California's biggest mortgage lenders made a total of 115,000 conventional home loans statewide in 1998 but just 400 in poverty-ravaged South Central Los Angeles, a nonprofit policy group complained Tuesday.
Seven of the eight banks and thrifts reviewed in a report by the San Francisco-based Greenlining Institute made fewer than 60 home loans last year in South Central, a 1.1 million-population section of Los Angeles. Wells Fargo & Co., for example, approved more than 21,700 mortgages for California homebuyers last year but just 22 in South Central, a ratio of about one in 1,000.
Washington Mutual Inc. was the only depository institution to make more than 60 conventional home loans to South Central residents, excluding refinancings and home equity loans. But only about 200 of its 32,800 California mortgages were made in the Los Angeles neighborhood, where almost everyone belongs to a racial minority.
"We don't think that it's due to deliberate discrimination" by loan officers, said Robert L. Gnaizda, Greenlining's policy director. "But if this was the plight of Wyoming, it would be front-page news."
Beverly Piraino, executive vice president for risk at California Federal Bank, said she had some doubts about Greenlining's numbers, which the nonprofit group said it obtained from the eight banks. "We're finding inaccuracies," she said.
But several companies on Greenlining's list acknowledged the difficulty of lending in South Central and said they are trying to do better.
Brad Blackwell, senior vice president for retail mortgage banking at Washington Mutual, said the thrift has a branch in South Central's Watts neighborhood and plans to expand a pilot program there that offers broadened underwriting guidelines for low-income and minority applicants. "I think you'll see in the year 2000 a much better result in ethnic/minority lending," he said.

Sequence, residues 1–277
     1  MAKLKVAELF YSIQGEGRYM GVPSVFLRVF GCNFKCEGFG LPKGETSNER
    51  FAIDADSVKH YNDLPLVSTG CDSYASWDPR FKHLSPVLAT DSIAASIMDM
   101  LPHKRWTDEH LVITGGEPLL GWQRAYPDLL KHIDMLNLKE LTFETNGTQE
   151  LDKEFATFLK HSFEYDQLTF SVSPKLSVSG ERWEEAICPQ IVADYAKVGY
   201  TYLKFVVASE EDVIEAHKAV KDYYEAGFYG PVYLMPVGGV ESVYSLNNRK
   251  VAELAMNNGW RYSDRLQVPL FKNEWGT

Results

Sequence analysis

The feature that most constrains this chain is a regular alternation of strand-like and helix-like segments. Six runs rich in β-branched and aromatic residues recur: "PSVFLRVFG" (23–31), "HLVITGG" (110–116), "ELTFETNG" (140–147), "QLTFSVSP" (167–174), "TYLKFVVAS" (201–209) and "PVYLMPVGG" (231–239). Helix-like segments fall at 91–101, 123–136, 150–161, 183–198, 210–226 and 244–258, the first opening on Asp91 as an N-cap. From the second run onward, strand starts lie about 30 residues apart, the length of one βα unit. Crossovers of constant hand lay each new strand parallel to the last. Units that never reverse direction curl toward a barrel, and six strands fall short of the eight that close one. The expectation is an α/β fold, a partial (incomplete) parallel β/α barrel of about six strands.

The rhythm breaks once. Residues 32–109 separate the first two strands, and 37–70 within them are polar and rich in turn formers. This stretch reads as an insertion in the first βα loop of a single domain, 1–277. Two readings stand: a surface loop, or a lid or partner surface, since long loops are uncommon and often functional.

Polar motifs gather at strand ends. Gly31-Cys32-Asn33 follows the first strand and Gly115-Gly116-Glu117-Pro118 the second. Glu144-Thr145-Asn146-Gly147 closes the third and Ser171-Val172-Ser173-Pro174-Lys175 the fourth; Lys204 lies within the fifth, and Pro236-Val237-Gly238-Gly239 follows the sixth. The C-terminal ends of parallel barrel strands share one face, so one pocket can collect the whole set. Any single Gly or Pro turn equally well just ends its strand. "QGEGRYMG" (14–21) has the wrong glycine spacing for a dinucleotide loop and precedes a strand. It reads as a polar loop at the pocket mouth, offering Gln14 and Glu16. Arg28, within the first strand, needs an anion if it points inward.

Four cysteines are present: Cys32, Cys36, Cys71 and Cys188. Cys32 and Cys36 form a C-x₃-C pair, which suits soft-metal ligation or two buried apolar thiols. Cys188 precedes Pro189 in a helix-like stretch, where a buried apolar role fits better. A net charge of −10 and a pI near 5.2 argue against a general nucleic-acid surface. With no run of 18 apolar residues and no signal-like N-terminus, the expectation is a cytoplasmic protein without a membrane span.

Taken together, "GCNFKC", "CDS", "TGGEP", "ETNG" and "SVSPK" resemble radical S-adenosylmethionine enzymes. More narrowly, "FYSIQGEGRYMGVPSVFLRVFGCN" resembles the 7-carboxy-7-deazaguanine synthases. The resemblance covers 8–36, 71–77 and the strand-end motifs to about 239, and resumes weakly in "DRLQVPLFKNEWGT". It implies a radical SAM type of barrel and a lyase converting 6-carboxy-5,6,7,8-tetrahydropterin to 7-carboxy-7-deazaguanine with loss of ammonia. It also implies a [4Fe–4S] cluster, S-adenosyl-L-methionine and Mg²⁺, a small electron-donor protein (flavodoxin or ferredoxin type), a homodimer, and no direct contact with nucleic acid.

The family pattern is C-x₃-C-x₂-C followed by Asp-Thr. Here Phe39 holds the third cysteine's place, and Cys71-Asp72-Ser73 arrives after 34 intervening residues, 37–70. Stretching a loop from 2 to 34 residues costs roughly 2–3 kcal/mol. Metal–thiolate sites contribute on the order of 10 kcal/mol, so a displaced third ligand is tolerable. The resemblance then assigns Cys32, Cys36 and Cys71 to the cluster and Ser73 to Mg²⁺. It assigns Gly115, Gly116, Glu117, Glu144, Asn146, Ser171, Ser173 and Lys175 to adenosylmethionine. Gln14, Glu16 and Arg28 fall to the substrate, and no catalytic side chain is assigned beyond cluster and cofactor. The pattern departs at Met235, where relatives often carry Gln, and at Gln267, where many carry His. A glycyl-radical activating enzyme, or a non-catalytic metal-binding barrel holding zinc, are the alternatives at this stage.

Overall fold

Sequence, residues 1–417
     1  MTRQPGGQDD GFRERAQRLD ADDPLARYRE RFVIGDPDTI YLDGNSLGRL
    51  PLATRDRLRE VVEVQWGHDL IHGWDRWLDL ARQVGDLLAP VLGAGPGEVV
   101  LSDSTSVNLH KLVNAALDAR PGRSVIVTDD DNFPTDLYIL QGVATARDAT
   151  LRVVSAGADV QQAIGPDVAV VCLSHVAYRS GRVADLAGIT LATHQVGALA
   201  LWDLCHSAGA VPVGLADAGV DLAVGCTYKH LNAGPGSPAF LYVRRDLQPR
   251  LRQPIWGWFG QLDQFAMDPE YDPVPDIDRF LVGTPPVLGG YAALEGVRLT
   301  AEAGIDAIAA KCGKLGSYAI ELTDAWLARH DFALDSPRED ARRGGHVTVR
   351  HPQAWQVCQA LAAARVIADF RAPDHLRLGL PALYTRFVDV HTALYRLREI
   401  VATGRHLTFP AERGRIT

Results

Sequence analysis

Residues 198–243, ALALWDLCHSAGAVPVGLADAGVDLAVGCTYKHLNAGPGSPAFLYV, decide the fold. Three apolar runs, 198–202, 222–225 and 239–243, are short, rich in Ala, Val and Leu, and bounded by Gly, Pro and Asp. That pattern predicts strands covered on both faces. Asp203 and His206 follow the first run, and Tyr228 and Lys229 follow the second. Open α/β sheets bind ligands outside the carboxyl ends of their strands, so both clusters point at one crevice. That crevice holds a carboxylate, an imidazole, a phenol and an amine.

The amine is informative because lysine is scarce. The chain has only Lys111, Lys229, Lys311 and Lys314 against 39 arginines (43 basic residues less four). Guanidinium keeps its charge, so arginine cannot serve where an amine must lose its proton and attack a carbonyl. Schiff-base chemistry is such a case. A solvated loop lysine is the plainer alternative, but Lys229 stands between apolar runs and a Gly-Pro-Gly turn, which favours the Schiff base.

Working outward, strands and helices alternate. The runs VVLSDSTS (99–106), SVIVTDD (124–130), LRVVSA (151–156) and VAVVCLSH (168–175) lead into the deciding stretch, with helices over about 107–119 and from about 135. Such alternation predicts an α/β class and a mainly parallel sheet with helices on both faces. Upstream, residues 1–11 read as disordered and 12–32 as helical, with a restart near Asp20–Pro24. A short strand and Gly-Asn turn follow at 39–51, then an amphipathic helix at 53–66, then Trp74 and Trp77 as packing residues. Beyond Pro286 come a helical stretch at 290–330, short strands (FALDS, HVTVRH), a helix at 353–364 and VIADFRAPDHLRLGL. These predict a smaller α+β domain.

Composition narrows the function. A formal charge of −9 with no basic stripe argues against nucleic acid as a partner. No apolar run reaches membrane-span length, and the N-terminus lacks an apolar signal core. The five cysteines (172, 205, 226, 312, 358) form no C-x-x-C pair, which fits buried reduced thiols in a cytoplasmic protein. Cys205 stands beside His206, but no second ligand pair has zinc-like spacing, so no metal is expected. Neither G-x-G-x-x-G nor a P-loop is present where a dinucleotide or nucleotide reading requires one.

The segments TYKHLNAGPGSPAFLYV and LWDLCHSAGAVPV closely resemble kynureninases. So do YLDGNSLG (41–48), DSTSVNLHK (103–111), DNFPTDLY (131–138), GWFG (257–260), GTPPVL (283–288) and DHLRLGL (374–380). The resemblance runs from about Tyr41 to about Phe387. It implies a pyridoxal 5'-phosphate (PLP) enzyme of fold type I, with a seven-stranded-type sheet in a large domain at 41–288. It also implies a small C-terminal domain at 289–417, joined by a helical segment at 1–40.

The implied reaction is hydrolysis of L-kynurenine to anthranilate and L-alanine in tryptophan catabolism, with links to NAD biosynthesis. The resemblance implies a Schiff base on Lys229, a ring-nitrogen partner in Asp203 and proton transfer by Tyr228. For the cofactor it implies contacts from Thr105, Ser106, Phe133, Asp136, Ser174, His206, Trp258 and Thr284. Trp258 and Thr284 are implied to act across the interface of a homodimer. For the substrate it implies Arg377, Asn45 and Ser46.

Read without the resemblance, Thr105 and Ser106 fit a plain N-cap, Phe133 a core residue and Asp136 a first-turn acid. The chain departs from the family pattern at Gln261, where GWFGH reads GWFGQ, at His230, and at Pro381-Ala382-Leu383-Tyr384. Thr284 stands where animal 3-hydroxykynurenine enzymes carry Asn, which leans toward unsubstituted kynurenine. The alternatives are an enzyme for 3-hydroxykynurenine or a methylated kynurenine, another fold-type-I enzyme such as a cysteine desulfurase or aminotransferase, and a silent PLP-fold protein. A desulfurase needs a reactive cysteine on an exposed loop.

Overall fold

Cal Fed's spokeswoman said the thrift has "many programs in place to help lower-income borrowers in areas such as South Central," including a loan-processing center and a team of agents specially trained to make loans that satisfy the Community Reinvestment Act.
Mr. Gnaizda also acknowledged that some factors in South Central are beyond banks' control, such as the high cost of housing and residents' relatively low incomes.
Cal Fed's spokeswoman said mortgage lending in South Central has been difficult. Despite the company's apparent efforts, only 58 of its loans in California (population 33 million) were made there, according to Greenlining. "That's a very challenging area for homeownership," she said.
Mr. Gnaizda said that the dearth of conventional lending in such communities has created a feeding ground for "unscrupulous subprime lenders." Ironically, some banks are running subprime operations there, too, he said. "Many of the largest [depository] institutions run their own subprime programs, and they don't have in place yet the effective mechanisms to ensure that if someone is truly prime, they get a prime loan."
To help solve the problem, Greenlining is working with Fannie Mae and an unnamed investment house on a "shared equity" program they hope to pitch to the Treasury Department.
Under the plan, investors would bankroll lenders who in turn would make loans to low-income borrowers. The investors would pay half of each borrower's monthly mortgage and property tax payments. In exchange, they would receive an unspecified percentage of the borrower's equity in their home, and all of the borrower's income tax deduction, which many poor households do not or cannot claim anyway.